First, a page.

Edward Snowden May Not Be A Real Whistle-Blower: News Orgs Question What To Call NSA Leaker

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Support for "NSA whistle-blower" Edward Snowden has been overwhelming, but what if he’s not a whistle-blower at all?

According to Tom Kent, the standards editor for the Associated Press, applying the term “whistle-blower” to the 29-year-old confessed leaker is premature, at least until more details about the government surveillance Snowden claims to have uncovered are known.

In a blog post Monday, Kent said AP news writers should use the term “leaker” or simply describe Snowden’s behavior until more facts emerge. “Whistle-blower,” he said, presumes that Snowden uncovered widespread illegal government surveillance, as he asserts he did.

Kent wrote the post in light of two high-profile leaker-related stories that are making the rounds this week. In addition to writing obsessively about Snowden, reporters have also been covering the case of Bradley Manning, the Army Pfc. who is facing possible life in prison for leaking information to WikiLeaks.

“You can look it up: A whistle-blower is a person who exposes wrongdoing. It’s not a person who simply asserts that what he has uncovered is illegal or immoral. Whether the actions exposed by Snowden and Manning constitute wrongdoing is hotly contested, so we should not call them whistle-blowers on our own at this point. (Of course, we can quote other people who call them whistle-blowers.)”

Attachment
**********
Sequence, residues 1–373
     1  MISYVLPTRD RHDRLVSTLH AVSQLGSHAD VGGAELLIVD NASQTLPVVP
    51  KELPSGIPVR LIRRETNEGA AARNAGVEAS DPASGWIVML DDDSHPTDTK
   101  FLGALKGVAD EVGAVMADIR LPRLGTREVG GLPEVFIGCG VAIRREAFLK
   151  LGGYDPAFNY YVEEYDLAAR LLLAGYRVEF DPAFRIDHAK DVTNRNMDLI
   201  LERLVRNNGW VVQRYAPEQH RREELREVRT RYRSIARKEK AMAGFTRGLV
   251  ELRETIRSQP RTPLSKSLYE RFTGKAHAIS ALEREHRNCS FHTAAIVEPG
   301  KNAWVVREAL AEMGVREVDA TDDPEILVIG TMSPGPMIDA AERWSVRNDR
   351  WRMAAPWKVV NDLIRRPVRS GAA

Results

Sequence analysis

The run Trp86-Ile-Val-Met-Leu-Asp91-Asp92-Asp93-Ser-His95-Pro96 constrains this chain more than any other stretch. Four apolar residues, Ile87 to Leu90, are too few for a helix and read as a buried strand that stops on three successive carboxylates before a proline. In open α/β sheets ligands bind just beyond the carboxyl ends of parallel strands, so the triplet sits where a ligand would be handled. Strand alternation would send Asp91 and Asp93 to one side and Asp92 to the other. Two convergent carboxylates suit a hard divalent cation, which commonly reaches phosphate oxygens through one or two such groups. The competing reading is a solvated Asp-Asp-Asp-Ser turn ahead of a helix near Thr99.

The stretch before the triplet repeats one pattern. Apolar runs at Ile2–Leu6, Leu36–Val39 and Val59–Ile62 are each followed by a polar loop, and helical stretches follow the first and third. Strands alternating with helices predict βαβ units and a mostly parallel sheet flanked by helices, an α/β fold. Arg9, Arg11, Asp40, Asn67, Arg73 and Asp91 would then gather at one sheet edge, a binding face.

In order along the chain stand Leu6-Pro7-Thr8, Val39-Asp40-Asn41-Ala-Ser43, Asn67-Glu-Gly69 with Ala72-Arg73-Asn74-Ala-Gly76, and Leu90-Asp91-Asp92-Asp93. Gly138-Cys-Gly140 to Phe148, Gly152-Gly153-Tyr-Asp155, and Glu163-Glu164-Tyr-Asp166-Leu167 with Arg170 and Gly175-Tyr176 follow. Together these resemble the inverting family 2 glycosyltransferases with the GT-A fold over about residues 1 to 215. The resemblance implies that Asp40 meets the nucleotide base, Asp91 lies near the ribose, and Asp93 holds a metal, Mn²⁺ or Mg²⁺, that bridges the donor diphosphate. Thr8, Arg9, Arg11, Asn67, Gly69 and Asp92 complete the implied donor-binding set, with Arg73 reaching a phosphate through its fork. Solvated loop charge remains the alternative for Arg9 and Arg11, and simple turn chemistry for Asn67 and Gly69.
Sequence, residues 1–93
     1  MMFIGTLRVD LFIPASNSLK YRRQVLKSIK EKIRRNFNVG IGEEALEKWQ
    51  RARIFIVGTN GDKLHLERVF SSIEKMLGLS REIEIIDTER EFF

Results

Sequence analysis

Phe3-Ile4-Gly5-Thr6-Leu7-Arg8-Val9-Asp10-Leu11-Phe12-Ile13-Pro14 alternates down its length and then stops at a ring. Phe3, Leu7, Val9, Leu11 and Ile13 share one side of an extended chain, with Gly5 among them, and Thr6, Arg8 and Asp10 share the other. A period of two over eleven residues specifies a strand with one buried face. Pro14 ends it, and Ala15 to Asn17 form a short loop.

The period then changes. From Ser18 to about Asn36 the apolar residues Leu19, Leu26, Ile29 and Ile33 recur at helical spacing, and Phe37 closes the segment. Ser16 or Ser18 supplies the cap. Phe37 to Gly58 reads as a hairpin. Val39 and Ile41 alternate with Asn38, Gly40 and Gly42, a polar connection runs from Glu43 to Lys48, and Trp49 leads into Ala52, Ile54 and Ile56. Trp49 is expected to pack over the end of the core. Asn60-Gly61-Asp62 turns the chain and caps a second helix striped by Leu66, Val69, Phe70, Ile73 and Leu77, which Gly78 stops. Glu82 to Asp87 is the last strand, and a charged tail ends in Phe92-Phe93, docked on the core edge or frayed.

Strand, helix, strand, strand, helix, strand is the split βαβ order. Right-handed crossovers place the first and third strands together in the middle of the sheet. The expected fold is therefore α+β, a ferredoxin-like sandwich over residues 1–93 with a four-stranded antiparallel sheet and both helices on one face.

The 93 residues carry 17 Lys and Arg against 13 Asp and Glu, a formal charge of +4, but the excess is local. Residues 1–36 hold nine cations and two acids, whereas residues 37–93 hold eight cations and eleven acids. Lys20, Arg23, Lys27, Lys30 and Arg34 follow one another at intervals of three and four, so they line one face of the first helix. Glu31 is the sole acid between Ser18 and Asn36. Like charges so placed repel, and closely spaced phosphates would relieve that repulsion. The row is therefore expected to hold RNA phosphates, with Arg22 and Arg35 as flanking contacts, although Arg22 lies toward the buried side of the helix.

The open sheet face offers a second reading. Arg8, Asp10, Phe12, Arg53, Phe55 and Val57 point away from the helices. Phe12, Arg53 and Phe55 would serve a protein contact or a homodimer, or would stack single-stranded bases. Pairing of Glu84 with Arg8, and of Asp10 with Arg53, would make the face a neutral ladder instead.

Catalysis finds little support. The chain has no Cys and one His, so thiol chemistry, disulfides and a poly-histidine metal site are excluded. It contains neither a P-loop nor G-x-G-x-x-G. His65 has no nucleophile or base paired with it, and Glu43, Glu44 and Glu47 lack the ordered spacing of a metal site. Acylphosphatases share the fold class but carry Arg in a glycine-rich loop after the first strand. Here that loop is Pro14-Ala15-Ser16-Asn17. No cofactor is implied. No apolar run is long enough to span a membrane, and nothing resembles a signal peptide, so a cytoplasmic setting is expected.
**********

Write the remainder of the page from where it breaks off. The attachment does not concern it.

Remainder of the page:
The AP’s grammar and style guidelines often set the standards for news writers across the country. But not every prominent style editor thinks “whistle-blower” is necessarily the wrong term to apply to Snowden. Philip B. Corbett, associate managing editor of standards for the New York Times, said the paper of record hasn’t issued similar a guideline asking its reporters to choose “leaker” or “source” over “whistle-blower.”

“I’m not sure any of those terms is inaccurate in this case, and I am generally wary of trying to dictate approved terms or labels for news coverage like this,” Corbett said in an email.

In its original story revealing Snowden, the Guardian made no bones about using the term whistle-blower. Snowden, a former CIA assistant and contractor for the National Security Agency, identified himself as the source who leaked information about government surveillance programs to the Guardian and the Washington Post. Earlier Monday, the Post’s Erik Wemple pointed out that the Post used the term “source” in its original report about Snowden’s coming forward.

Nevertheless, the whistle-blower label was in widespread circulation Sunday, including by IBTimes, and it seems to be sticking. Reuters, Chicago Tribune, Huffington Post, USA Today and Newsday are just a few of the major outlets that have used the term in just the last few hours.

A rapidly growing petition on WhiteHouse.org is calling on the Obama administration to offer Snowden a pardon for any crimes he has committed or may have committed related to “blowing the whistle” on NSA surveillance. As of Monday afternoon, the petition had attracted just over the 25,000 threshold required for a response by the White House.

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